Louis Owens

Louis Owens

… what Steinbeck is arguing in his writing is that we have to be responsible for what he terms the whole thing, known and unknowable, in a very deep way: that if you step into a tide pool, you have to realize that that step has changed the entire universe, and that will fit neatly into what Silko’s arguing in Ceremony, the whole sense of having to be careful, to walk in balance, to be responsible for knowing that every single act of humanity changes the world. Steinbeck was arguing that sixty years ago, before anybody in white America really was… Louis Owens

I’ve been meaning to write about Louis for some time now, but it was a ridiculous photo I saw on the San Francisco Chronicle website a couple of days back of troops preparing for battle by doing a “Seminole War Dance” that brought his spirit back into the room. It was the kind of thing that he would have laughed at, with that dark laugh of his, a laugh that for a long time managed to stay just ahead of the despair at its heart.

I’ve been thinking of Louis because he was the only writer I knew personally whose work took as its central question the real problem of evil, how evil walks in the world, how evil manifests itself in violence. Louis’s novels, particularly The Sharpest Sight, Bone Game and Dark River all take as their central question the ramifications of violence — on individuals, on cultures, on landscape and place. Louis is the guy I would have called, or emailed when I saw that silly photo, the guy I would have gone to because Louis had the singular ability to acknowledge your fear, your despair, your flagging faith with the kind of dark joke that could keep you going.

And I’ve been thinking of Louis, because for several days I’ve been trying to wrap my brain around the process that brings a person to the point where he or she feels entitled to kill another person. There was a death penalty advocate on NPR the other morning, I only heard a fragment of it, but he was saying that the Supreme Court’s recent stay of execution wouldn’t deter him from proceeding with executions even in the face of DNA evidence exonerating those on death row. Coming on the heels of our President’s weird television appearances in which it was clear that he was looking forward to going to war, that despite his words to the contrary, all his body language screamed how badly he wanted to go to war, that he really really wanted to go kill Iraquis, and that he felt fully entitled to do this, that he felt they deserved to be killed by him, I found myself missing Louis. So this morning, when I couldn’t sleep, I went to Google; I thought maybe I could find something of his out there about violence that would help me make sense of this process. There’s a section of the interview from which I pulled Louis’ quote about Steinbeck, where he and John Purdy discuss Vietnam. Louis didn’t go to Vietnam, but his beloved older brother Gene did, and came back deeply wounded by the experience. Gene disappeared one night, and it was thirty years before Louis found him again. (His essay Finding Gene describes the experience.) I thought this exchange about Dark River was interesting:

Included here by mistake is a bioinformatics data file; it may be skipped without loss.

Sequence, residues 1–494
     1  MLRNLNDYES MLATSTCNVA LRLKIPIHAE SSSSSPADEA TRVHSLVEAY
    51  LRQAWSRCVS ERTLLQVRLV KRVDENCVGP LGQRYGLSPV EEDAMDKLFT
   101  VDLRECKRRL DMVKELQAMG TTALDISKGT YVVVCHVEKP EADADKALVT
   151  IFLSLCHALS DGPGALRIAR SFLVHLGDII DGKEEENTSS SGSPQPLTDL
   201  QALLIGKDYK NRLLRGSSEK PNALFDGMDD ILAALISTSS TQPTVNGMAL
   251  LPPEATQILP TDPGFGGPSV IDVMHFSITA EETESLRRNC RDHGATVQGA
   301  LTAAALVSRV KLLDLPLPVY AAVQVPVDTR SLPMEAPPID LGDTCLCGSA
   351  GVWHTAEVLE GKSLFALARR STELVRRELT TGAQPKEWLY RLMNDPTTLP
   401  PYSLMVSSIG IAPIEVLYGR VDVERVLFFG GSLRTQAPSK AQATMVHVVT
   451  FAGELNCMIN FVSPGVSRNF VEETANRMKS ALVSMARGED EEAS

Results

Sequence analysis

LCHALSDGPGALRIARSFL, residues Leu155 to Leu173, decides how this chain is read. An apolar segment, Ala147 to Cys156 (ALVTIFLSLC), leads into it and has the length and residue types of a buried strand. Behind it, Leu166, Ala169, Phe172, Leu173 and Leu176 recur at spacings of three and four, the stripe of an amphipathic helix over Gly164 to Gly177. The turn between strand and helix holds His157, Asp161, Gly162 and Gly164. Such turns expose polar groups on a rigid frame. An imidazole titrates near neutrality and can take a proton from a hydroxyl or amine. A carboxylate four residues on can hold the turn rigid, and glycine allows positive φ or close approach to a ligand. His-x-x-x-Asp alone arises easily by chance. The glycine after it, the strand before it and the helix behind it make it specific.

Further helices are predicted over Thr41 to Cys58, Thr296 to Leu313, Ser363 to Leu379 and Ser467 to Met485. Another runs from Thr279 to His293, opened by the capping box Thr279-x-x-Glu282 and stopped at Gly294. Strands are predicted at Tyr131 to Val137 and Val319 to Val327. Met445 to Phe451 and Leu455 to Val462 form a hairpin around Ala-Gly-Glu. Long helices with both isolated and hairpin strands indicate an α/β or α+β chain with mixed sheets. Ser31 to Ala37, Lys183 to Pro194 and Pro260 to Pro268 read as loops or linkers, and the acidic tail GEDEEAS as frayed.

JP: … I like how you play with …the “week-end warrior” who is out there trying to experience the “thrill” of war . . .

LO: The militia . . .

JP: Yeah, but even more insidious than that in some ways, less blatant. The professional person who comes from the urban center to learn the ways of the “wilds” and to hunt humans. Then the convention of the Vietnam veteran, the Black OPS type of characters, and you take them all apart.